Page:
US jobs plan: Barack Obama unveils $450bn package

Mr Obama said an "American Jobs Act" would create new jobs for construction workers, teachers and the long-term unemployed

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US President Barack Obama has unveiled a $450bn (£282bn) package of tax cuts and spending plans aimed at creating jobs and bolstering the economy.

He wants to fund huge construction projects, schools and services, while giving tax cuts to workers and small businesses to boost recruitment.

Mr Obama told a joint session of Congress that politicians needed to act quickly to pass the package.

Republican congressman John Boehner said the plans "merit consideration".

"We hope he gives serious consideration to our ideas as well," said Mr Boehner, the speaker of the House of Representatives.

The Republicans control the House, and have derailed many of Mr Obama's legislative proposals. Mr Boehner's support is likely to be crucial if the measures are to be approved.

Some of Mr Obama's opponents have already dismissed the jobs plan as a crude attempt to boost his flagging popularity in the run-up to next year's presidential election.

Some 9.1% of Americans are currently out of work, and the issue is expected to dominate the election campaign.

Analysis

This was not of course a new President Obama, but it was a style of speech I have never heard him make before.

Fired up, yes, but using plain language. The call, if not the response, of a preacher. The chorus line: "You should pass this jobs plan right away."

There was a fair amount of hefty, meaty detail and this speech was shorn of some of the soaring rhetoric of the past. But it was still fiery and feisty.

What he is suggesting is pretty big. More than $450bn according to White House sources. It is designed to put him in a situation where any outcome is a win.

In the unlikely event the Republicans go for this, he has the policy he wants. If they don't, he campaigns against them, portraying them as against job creation, against the American people.

The BBC's North America editor Mark Mardell says the president has set a trap for the Republicans - either they back his proposals, or he will campaign against what he will portray as a Washington elite happy to cut taxes for their rich friends but not for ordinary people.

'Political grandstanding'

In his speech, Mr Obama urged Congress to "stop the political circus" and said everything in the jobs plan was based on principles already supported by Republicans and Democrats.

"The purpose of the American Jobs Act is simple: to put more people back to work and more money in the pockets of those who are working," he said.

"It will create more jobs for construction workers, more jobs for teachers, more jobs for veterans, and more jobs for the long-term unemployed."

The president has yet to give details on how the plans would be funded, but he hinted that the money could be found in spending cuts and promised to release more details on 19 September.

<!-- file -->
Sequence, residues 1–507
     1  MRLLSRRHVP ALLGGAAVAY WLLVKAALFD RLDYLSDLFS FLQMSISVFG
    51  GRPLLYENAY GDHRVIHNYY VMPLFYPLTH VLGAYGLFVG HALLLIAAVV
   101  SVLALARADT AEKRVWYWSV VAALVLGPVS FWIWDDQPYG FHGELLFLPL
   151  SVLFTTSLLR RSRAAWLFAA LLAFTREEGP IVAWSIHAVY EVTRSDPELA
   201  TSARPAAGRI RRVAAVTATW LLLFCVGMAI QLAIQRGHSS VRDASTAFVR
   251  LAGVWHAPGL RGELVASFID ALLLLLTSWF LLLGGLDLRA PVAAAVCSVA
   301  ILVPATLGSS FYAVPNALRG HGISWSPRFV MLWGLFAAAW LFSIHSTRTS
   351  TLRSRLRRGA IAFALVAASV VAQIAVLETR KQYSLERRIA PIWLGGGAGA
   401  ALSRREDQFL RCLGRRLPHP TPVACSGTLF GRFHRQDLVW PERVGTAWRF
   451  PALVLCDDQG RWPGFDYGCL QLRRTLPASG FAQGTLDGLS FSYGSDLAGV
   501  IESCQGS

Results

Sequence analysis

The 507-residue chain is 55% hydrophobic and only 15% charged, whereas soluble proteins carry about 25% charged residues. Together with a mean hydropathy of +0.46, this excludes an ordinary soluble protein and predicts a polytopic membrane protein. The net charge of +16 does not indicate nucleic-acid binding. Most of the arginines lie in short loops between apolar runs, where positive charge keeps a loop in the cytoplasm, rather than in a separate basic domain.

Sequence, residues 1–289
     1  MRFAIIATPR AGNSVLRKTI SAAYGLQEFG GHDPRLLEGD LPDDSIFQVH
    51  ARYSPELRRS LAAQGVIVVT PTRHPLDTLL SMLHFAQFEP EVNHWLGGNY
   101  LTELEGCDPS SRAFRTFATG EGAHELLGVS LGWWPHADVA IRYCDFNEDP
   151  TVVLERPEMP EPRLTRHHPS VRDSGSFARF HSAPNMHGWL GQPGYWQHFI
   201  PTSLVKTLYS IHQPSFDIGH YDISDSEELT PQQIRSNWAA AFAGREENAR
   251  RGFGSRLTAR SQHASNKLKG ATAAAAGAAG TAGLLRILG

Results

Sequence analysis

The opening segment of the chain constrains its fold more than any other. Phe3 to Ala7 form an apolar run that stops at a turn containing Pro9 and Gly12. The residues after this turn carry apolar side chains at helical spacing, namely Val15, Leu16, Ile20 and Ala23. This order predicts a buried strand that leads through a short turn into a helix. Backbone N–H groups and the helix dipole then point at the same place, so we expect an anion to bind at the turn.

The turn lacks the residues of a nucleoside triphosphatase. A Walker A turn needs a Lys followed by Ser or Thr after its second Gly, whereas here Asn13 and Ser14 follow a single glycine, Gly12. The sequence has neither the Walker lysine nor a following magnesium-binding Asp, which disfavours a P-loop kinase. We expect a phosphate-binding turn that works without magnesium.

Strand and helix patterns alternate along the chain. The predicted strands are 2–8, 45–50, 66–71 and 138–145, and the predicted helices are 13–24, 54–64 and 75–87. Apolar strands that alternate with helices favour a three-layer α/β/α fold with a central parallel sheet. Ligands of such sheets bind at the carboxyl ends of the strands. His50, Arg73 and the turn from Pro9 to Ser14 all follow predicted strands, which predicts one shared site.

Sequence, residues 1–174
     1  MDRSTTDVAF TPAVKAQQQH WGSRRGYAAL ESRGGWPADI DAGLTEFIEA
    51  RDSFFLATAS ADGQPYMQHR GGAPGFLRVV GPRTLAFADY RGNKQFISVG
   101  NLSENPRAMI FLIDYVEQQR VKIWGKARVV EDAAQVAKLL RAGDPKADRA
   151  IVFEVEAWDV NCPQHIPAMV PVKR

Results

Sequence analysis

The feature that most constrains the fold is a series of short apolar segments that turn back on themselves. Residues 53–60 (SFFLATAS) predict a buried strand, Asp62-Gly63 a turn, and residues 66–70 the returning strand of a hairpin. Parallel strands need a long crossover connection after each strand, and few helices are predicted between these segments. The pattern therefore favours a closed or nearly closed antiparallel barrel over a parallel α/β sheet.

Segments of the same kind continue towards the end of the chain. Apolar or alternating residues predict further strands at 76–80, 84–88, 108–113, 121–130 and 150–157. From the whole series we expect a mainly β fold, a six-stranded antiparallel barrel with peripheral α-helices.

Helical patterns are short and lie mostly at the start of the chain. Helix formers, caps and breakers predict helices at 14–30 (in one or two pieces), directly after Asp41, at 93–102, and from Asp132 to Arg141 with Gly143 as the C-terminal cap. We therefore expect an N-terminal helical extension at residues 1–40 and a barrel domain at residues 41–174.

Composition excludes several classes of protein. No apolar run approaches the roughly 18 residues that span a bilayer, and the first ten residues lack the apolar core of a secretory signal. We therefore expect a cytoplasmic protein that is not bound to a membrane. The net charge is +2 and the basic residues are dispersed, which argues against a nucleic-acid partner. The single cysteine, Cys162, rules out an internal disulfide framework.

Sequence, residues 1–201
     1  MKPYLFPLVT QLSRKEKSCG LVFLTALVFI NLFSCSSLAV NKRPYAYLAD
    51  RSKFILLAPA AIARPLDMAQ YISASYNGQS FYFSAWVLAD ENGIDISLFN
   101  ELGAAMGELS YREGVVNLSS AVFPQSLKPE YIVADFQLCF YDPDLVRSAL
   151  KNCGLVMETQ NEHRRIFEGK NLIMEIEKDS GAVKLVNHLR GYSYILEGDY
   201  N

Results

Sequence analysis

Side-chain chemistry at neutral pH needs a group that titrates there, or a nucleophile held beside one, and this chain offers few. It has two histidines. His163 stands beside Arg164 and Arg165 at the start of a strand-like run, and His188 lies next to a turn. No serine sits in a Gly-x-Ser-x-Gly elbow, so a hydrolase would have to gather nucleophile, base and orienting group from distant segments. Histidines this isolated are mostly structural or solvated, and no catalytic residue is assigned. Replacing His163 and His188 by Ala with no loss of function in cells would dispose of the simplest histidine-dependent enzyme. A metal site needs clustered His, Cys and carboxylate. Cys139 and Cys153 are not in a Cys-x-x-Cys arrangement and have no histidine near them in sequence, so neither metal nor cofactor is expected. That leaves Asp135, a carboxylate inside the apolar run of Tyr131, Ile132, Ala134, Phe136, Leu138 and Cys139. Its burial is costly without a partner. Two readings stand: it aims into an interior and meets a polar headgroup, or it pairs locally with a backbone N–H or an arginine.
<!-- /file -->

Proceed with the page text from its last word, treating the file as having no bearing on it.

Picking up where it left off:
The centrepiece of the jobs plan is to expand a cut in the Federal Insurance Contributions tax, a levy paid by employers and workers to fund social security and healthcare for retirees.

Congress approved a cut in the tax for workers last year, from 6.2% to 4.2%. But that measure was due to expire in December.

Mr Obama wants to continue that cut next year, lower the tax even further to 3.1% for workers, and extend a similar cut to companies, at a cost of $240bn.

Start Quote

Here in California we feel pretty cool towards construction projects - they do generate money, but not necessarily for the right people ”

End Quote Bruno Vieri

Another core proposal is to provide $85bn aid to local and state governments.

The money would be spent on helping to keep teachers and emergency services workers in jobs, modernising schools, refurbishing vacant homes and helping young people into work.

Other proposals include:

  • $50bn for infrastructure projects, including a plan to upgrade the country's airports
  • $49bn for a one-year extension of benefits for the long-term unemployed, and $8bn in tax relief
  • tax breaks for firms taking on new employees
  • measures to broaden home ownership by making low-interest mortgages more widely available

The president wants to submit the bill to Congress next week.

Some Republicans have suggested they would be willing to support at least part of the plan, but others have already indicated their opposition.

Representative Paul Broun of Georgia, one of the Republicans who chose not to attend the speech, tweeted: "This is obviously political grandstanding and class warfare."

The two parties clashed all summer over plans to sort out the country's debt levels, which prompted a historic US government credit downgrade.

The political battles on Capitol Hill have seen the president's approval slump, but ratings for Congress have been even lower.

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